Stepping out of my front door on saturday morning to nip down to the shops, I stepped over the dead postman on my doorstep I hadn't left there. Expired through the compacted spine he'd obtained from hauling a parcel up the stairs, I prised the object from his dead fingers and realised that Essex Miniatures had clearly given up using lead to cast their models in favour of super-density antimatter.
Well, not quite. The post arrived on saturday bearing with it my longed-for miniatures to complete my armies, contained in a deceptively small box of around a kilogram of weight - lots of metal for the lead mountain!
Most of the miniatures are already familiar to you dear readers, through photos of them painted - however, some packs have answered a few questions. For example, one figure bought back in the mists of time has ended up painted as an Austrian artilleryman, holding a lit fuse out before him. He's never turned up in any other pack of gun crews, so I've always wondered where he came from. Wonder no more, with a look at the Grenadier Command Pack:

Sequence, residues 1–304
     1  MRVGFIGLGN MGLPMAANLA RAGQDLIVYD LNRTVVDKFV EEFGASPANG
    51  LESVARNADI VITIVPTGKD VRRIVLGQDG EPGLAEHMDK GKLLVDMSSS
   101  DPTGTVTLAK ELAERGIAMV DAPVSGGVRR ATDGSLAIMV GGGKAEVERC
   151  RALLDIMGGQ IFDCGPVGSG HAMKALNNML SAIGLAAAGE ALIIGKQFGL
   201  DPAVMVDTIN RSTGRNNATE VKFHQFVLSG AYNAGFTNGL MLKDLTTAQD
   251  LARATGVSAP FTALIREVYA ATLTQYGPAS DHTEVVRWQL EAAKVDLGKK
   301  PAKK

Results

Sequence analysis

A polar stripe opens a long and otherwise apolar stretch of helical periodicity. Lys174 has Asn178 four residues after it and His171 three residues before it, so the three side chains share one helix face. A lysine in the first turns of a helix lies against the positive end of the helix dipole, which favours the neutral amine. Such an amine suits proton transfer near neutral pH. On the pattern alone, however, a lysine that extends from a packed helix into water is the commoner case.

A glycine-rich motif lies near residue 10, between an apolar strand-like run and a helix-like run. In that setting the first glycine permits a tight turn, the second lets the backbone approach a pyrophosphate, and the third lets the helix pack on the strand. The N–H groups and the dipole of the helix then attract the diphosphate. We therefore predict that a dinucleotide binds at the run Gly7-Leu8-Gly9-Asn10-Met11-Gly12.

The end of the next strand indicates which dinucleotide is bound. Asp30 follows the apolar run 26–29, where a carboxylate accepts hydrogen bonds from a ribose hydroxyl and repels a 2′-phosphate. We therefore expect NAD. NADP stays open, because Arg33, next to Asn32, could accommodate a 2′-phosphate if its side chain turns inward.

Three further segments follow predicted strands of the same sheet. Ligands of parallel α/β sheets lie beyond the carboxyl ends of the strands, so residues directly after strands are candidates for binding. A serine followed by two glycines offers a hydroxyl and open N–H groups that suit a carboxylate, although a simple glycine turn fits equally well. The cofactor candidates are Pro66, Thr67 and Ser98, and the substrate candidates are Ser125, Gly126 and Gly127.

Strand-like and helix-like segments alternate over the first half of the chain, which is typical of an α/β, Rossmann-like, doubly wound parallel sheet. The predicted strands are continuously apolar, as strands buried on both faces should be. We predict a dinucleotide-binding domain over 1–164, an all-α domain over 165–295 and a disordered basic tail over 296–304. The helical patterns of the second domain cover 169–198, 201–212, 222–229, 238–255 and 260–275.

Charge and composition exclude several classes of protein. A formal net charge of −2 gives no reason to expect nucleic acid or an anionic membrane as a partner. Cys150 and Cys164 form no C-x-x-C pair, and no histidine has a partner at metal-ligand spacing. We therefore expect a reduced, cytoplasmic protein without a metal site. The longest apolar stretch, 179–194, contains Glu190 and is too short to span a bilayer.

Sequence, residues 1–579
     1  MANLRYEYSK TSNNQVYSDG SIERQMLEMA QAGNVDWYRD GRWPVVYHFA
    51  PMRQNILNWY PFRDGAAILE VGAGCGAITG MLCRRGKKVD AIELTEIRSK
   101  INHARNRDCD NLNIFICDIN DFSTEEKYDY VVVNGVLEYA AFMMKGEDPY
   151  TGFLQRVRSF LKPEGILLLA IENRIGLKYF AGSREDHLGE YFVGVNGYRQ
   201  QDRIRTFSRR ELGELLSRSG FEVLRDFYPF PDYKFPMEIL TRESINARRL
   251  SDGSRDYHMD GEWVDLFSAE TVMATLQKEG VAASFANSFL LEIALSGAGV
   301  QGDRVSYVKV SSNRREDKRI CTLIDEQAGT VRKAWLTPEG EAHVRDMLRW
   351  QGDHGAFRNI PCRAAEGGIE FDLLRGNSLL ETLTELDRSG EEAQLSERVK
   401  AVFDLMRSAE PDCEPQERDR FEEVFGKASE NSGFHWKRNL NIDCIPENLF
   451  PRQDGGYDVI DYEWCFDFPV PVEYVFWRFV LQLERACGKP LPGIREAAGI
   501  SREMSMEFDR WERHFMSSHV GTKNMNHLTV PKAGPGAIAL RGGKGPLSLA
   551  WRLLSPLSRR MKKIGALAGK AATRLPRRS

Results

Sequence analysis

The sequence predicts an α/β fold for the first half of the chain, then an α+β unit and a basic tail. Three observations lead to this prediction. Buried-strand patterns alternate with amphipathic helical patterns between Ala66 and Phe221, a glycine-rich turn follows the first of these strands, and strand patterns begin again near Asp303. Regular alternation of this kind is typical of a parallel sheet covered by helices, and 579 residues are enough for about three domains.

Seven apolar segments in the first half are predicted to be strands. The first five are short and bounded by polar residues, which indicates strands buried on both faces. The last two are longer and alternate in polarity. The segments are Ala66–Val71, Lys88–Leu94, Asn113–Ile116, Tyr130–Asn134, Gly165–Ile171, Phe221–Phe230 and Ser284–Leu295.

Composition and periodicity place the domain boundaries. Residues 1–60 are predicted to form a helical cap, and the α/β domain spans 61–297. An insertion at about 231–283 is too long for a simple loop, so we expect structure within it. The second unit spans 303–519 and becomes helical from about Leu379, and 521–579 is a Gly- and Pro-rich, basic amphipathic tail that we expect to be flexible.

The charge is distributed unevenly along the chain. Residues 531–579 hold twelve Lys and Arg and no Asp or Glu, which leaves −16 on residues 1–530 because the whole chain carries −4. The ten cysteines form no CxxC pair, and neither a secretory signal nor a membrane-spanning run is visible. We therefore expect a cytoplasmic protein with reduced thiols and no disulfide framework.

Oh, the ignominious demotion! A tricorned officer in the Grenadier Guards, mistaken for a common 'trade' officer like a soot-grimed artillerist! I can feel the contempt radiating off them already. The mysterious figure turned out to be as you see above: an officer in a heavily-frogged coat, gesturing languidly ahead with a topped cane, not a lit taper at all! The other mitre-wearing figures are pretty good too. The drummer probably can't bend his arms from the amount of ornamental braid sewn onto his sleeves, and I especially like the chin-up colourbearer, jauntily holding the colours one-handed.
Here, then, is a full base prior to setting onto a set of sticks for painting. The figures above are an Aschenbach Infantry HQ Stand. The mounted officers are pretty much the same as for Luftberg, except the figure is looking over his shoulder (doubtless checking the line of his companies for some minor error in drill.) Foot officers carry a spontoon. If I have one complaint about the Essex range, it's the stingy base sizes on the colourbearers. Look at the size of the flag! Balancing them to stand upright long enough for glue to settle is a nightmare.
Oh, and one last pic 'in colour' to show you my efforts to finish up my existing troops. Here are some Croats, now painted in my fancy new red uniform. The figures had been based before, but attempts to prise them off the base soon established that buckled legs were the more likely consequence! As a result, I was compelled to repaint them still mounted on the base - thank god they were open-order!